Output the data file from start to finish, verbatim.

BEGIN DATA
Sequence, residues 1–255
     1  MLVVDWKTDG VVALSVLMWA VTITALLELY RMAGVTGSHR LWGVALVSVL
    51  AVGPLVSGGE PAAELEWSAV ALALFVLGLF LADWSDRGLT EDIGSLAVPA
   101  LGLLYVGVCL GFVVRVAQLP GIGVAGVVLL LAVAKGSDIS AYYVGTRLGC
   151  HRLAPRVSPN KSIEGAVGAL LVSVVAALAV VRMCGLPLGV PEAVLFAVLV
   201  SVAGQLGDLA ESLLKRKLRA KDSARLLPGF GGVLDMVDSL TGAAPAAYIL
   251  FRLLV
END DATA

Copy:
Sequence, residues 1–255
     1  MLVVDWKTDG VVALSVLMWA VTITALLELY RMAGVTGSHR LWGVALVSVL
    51  AVGPLVSGGE PAAELEWSAV ALALFVLGLF LADWSDRGLT EDIGSLAVPA
   101  LGLLYVGVCL GFVVRVAQLP GIGVAGVVLL LAVAKGSDIS AYYVGTRLGC
   151  HRLAPRVSPN KSIEGAVGAL LVSVVAALAV VRMCGLPLGV PEAVLFAVLV
   201  SVAGQLGDLA ESLLKRKLRA KDSARLLPGF GGVLDMVDSL TGAAPAAYIL
   251  FRLLV